Managing termite menace in crops
Even though termites are of great economic importance and distributed widely, very little information is available on different species of termites in India. It is reported that 190 species of termites are there attacking a wide variety of crops like cereals, annuals, shrubs, living trees and timber.
Although termites are strictly tropical insects they invade the sub-tropics and to a limited extent, the temperate zone. The insects attack several agricultural and horticultural crops. It is estimated that the loss accumulated due to damage in these crops may run to several millions of rupees per year.
The important termite species invading different crops includes Odontotermes obesus, O. wallonensis and Microtermes obesi. Among them Odontotermes obesus is an important termite species which infests wheat, barley, sorghum, cotton, sugarcane, groundnut, coconut, sunhemp, chillies, mango, citrus, grapevine, peach, O. wallonensis is a major pest on maize, finger millet, redgram, sugarcane, groundnut, niger, castor, coconut, mango, jackfruit and cashew.
Microtermes obesi attacks several crops like wheat, barley, oats, maize, pearlmillet, pulses, cotton, jute, sugarcane, groundnut, coconut, sunhemp, chillies, vegetables, plantation crops, potato, cassava, chrysanthemum, rose and fruit trees.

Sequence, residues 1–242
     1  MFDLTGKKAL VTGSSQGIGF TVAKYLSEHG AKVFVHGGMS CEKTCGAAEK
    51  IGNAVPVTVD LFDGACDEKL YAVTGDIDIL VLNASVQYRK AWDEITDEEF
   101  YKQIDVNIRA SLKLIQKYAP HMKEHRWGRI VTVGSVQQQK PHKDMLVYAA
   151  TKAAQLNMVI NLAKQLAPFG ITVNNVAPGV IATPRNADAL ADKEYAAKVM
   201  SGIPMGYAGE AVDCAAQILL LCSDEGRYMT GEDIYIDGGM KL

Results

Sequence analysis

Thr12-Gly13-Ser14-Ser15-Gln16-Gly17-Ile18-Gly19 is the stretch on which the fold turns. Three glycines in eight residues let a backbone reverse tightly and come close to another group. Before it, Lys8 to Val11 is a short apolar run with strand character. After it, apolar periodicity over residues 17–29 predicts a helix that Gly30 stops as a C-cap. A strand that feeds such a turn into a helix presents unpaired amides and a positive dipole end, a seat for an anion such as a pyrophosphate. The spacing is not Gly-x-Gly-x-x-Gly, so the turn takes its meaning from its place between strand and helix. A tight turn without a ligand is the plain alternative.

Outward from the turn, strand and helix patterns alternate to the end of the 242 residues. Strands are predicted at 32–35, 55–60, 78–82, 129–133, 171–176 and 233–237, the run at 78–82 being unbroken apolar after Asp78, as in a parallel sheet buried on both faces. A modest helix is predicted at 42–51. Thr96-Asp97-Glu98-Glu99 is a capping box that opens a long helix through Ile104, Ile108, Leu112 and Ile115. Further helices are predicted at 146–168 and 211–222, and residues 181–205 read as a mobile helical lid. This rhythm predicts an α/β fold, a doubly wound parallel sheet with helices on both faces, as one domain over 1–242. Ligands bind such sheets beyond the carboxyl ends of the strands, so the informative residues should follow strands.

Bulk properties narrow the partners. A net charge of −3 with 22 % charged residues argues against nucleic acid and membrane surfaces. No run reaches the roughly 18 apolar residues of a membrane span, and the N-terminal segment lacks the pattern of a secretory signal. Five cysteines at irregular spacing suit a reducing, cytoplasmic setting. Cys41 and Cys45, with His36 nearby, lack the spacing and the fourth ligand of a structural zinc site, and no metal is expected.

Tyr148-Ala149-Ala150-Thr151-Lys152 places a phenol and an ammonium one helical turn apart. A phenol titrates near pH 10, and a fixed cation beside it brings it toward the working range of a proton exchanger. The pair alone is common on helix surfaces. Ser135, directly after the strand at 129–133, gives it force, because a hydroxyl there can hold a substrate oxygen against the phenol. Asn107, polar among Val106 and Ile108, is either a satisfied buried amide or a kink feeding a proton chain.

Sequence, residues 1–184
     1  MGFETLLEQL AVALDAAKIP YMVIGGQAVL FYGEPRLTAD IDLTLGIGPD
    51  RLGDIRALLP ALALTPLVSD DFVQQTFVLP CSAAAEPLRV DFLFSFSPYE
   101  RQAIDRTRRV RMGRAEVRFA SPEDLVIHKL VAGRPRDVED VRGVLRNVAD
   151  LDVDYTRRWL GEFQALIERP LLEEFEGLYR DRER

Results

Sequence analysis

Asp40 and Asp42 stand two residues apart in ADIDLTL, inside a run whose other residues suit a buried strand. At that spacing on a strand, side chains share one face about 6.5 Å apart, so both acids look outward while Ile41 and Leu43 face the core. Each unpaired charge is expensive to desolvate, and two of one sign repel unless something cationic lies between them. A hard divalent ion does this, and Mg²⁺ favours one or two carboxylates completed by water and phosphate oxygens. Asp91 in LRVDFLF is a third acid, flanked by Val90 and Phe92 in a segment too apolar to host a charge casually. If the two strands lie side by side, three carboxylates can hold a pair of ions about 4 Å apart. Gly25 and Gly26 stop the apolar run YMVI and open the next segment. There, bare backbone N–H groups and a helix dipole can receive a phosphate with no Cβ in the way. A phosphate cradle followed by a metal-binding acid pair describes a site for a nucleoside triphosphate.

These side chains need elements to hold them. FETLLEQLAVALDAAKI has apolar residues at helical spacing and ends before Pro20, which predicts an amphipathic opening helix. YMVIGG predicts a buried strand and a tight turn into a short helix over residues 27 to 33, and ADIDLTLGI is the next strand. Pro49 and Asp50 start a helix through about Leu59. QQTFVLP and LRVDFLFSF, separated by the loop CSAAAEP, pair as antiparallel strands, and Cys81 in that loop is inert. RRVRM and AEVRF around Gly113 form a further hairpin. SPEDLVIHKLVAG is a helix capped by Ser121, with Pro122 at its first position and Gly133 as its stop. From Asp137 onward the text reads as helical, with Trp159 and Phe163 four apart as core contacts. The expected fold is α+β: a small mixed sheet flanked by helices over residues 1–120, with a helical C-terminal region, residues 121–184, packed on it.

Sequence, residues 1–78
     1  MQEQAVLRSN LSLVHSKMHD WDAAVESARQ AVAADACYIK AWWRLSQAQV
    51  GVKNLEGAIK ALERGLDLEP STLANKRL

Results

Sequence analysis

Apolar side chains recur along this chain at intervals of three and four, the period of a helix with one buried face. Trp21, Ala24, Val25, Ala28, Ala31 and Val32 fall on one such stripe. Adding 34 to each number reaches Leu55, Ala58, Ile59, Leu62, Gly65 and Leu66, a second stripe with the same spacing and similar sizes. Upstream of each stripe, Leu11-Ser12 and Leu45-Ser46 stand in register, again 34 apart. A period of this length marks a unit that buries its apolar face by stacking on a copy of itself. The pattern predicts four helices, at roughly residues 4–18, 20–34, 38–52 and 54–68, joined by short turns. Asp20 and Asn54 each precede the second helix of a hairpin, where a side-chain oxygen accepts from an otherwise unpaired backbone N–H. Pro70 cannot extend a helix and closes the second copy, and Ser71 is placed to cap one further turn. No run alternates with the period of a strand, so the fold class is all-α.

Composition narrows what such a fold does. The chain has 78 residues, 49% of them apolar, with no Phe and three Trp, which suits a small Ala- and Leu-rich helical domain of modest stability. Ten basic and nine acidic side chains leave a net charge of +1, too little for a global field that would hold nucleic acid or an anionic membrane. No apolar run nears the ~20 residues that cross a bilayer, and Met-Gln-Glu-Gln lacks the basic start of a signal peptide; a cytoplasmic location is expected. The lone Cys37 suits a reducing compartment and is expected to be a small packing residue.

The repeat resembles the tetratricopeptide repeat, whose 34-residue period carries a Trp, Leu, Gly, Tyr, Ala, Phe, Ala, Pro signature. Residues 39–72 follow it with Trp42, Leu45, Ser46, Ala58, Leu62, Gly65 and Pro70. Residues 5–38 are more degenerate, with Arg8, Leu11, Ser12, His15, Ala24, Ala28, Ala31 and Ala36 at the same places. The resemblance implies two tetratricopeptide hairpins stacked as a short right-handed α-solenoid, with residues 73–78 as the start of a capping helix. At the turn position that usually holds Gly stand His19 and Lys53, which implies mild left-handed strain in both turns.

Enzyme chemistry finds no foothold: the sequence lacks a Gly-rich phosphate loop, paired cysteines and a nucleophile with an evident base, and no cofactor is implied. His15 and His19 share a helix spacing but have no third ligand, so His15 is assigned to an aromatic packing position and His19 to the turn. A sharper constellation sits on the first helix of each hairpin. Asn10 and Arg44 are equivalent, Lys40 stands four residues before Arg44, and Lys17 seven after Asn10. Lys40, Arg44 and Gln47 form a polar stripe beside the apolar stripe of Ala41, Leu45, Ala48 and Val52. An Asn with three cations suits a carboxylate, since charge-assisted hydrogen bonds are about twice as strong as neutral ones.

— Deep ploughing or hand tillage exposes termites to desiccation and to predators, thus reducing their number.
— Pre-planting tillage also destroys the tunnels caused by termites and minimises their foraging activities and associated damage.
— Complete destruction of mounds and removal of queen termites are effective control measures against mound building species.
—Partial destruction of mounds is unlikely to solve problem if nymphs are present during the time of dequeening because replacement reproduction may develop.
— High density sowing, followed by thinning of surviving plants reduces anticipated losses due to termites.
(Dr. D. N. Kambrekar is Scientist,Agricultural Entomology, Regional Agricultural Research Station, University of Agricultural Sciences, Bijapur-Karnataka, Email: kambrekardn @gmail. com: Phone: 08352 230568)